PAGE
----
While the Teletón activities are taking place all over Chile, people can donate in person as they participate, or they can watch events live on television and call in their donations. One great example of a community event occurs on Chiloé, an island paradise in southern Chile. More than one hundred students from different schools on the island held solidarity activities to launch the 2018 Teletón. In Castro, one of the principal towns in the archipelago, the sports-mad inhabitants held a Zumbathon in the Plaza de Armas. A Zumbathon is a sports dance contest based on the Zumba exercise fitness program, which is popular around the globe. Sebastián Cárdenas, principal of the ‘Los Ciruelillos de Coanil’ school, said that “our wonderful schools are responsible for organizing this activity, which I have the privilege of coordinating. All the resources that we can collect in the stands during the activities will go to the benefit of the Teletón.” The community also joined in and ran stands where people could have their hair done, enjoy a manicure or massage, and purchase Christmas crafts and food. In addition, locals are proud to provide services that raise money. During the event the children of all the Castro schools met in the community center to do what they believe is one of the important things in life, that is: “to be together, to enjoy activities together that have a positive impact on the community,” said Cárdenas.

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Players of the Universidad de Chile football team visit the Santiago rehabilitation center, inspiring the children to stay strong and motivated. The participation of athletes and celebrities aids in engaging audiences to participate.

The people the Teletón helps

Manuel Sandoval has a psychomotor disability caused by prenatal asphyxiation. He overcame a multitude of obstacles and today he says: “I’m 100% happy, I do not lack anything. Thanks to the Teletón, I have achieved my autonomy and my independence.”Manuel entered a rehabilitation center in Antofagasta in 1981, going to kinesiology every morning, and went from there to kindergarten. His sister taught him to read and write and, years later, he was able to attend and finish primary and secondary school. After this he achieved his greatest goal: to attend university. “I studied journalism at the Catholic University of the North,” says Manuel.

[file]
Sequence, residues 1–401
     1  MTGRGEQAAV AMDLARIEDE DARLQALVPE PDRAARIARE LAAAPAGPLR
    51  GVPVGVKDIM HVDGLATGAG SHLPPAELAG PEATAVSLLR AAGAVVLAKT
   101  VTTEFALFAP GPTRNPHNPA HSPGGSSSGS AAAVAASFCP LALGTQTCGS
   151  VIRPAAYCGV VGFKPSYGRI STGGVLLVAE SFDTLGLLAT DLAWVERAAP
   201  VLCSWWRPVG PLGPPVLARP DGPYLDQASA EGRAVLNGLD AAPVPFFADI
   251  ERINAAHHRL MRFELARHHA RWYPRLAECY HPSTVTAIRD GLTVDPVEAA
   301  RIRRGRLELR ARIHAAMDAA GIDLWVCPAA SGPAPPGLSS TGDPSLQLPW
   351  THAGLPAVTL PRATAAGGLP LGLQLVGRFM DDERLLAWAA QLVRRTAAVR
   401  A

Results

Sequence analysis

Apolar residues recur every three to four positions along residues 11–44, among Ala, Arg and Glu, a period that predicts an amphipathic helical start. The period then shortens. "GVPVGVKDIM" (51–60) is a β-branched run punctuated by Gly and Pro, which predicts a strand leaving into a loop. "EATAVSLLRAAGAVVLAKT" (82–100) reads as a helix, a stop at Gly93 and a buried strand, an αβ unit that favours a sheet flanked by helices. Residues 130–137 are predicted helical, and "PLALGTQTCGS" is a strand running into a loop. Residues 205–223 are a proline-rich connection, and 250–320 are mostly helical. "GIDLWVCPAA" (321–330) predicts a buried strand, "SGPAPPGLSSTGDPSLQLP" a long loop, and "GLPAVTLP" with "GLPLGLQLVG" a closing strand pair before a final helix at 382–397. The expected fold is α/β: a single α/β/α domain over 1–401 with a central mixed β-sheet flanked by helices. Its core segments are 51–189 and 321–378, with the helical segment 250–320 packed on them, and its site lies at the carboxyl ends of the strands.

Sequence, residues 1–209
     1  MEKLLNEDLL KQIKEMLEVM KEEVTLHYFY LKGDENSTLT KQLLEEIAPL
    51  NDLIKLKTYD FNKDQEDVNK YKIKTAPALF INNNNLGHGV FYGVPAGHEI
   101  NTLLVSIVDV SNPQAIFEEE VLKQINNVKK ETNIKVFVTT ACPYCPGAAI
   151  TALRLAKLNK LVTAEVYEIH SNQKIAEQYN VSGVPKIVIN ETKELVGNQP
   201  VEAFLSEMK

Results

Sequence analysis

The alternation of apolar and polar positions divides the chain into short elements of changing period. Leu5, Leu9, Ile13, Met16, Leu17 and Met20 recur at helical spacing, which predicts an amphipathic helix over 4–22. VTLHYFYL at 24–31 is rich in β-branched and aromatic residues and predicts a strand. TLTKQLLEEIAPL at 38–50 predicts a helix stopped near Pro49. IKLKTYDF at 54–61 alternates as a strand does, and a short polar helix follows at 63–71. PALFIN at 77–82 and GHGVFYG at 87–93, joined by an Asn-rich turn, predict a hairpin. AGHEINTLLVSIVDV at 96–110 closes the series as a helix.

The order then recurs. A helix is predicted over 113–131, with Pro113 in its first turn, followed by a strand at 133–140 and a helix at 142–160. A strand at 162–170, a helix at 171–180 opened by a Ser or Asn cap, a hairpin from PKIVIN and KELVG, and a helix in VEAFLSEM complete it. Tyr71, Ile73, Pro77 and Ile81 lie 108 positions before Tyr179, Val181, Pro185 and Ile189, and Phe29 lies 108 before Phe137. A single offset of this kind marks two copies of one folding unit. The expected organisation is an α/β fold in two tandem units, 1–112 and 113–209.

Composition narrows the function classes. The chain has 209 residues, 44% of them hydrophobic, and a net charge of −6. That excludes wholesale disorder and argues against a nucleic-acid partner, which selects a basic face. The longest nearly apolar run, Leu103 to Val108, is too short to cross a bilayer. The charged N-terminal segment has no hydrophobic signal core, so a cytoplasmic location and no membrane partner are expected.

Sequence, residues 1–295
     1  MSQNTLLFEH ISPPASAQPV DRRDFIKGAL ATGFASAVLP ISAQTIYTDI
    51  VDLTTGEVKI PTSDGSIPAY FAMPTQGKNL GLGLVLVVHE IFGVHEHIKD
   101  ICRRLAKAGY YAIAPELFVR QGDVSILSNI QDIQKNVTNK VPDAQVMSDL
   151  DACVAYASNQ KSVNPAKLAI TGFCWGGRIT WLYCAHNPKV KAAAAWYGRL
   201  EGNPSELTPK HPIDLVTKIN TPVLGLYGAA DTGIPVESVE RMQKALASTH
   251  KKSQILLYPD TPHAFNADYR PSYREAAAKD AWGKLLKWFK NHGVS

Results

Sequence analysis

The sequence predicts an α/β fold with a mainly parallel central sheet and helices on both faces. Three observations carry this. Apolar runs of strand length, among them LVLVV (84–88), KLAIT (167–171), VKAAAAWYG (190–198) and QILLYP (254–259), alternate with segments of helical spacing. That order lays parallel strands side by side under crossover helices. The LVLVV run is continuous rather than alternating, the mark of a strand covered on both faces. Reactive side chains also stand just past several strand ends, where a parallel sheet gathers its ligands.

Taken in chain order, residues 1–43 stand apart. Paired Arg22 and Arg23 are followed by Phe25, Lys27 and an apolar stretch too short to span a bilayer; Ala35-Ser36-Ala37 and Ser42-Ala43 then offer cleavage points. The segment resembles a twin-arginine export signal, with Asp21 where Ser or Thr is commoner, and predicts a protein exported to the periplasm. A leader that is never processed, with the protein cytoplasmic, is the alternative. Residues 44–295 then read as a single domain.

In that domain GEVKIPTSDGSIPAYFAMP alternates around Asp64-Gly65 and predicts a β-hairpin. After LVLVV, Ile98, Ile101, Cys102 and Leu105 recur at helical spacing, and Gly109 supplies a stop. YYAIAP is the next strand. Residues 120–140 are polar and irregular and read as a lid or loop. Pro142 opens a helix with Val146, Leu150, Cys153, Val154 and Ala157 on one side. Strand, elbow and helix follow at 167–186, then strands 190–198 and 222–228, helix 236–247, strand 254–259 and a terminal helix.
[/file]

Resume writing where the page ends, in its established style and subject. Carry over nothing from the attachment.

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The Teletón teams visited Osorno, in the southern part of Chile, where they performed and presented various attractions.

“What helped me most was the sense of pride I gained at university.” Afterward it was difficult to find work due to the ignorance of people about motor disabilities. With perseverance, enthusiasm and a love for life, he landed his first job as editor of social networks for a television program. “This brought me an income and more economic independence,” he says proudly. “With my savings and a loan, I was able to buy a car.” During a period when he did not have a job, he worked with his father as a taxi driver. He had a number of clients who chose him ahead of other service providers. This was how he established a reputation, and finally a company gave him a permanent job. “I felt intimidated because the work was more corporate in nature. Sometimes fear contaminates your mind, but I had the wisdom to trust myself,” he says, adding that “the Teletón taught me to believe in myself.”

Reaching beyond Chile’s borders

Chile’s example inspired other countries in the region, who now have their own Teletóns and are part of the International Teletón Organization (ORITEL). Currently, ORITEL consists of thirteen countries: Chile, Mexico, Colombia, Costa Rica, El Salvador, Guatemala, Honduras, Paraguay, Peru, Uruguay, Nicaragua, USA and Puerto Rico, making it one of the largest voluntary aid associations in the world. Collectively, they affect the lives of over 400 million people.mpora

Since its foundation, ORITEL has carried out multiple initiatives, such as continental congresses, conventions on cerebral palsy, the promotion of preventive programs and support management for fundraising, among other projects. The organizations that belong to ORITEL provide rehabilitation services in almost 90 centers throughout the region, providing medical support to thousands of people with disabilities who have limited resources.

Reaching beyond Chile’s borders

It is an amazing feat that Chile manages to unite all media, artists, companies, schools and social organizations on a specific date and with a common goal. Assisting disabled children in their rehabilitation is just one aspect of the organization’s success; another is the amazing cultural change taking place in Chile, where people are developing awareness and knowledge about people with disabilities. Once a year, they stand together to fight for the dignity and rights of those with disabilities, improving the chances of people like Manuel Sandoval of gaining economic autonomy.

The Teletón is a symbol for a country that prides itself on its willingness to unite and strive to create a better world for people with disabilities.

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Children in Linares, Chile watch eagerly, ready to participate in the Teletón. Each city organizes different kinds of activities to engage locals in the fund-raising event.

The Teletón in numbers:

Currently the Teletón institutes provide aid to 97% of the child and adolescent population with motor disabilities in Chile.


Every year the IRI receives more than 3,000 new patients. Since the institutes were set up, they have provided treatment in more than 729,000 therapeutic cases.

 

For more information visit www.teleton.cl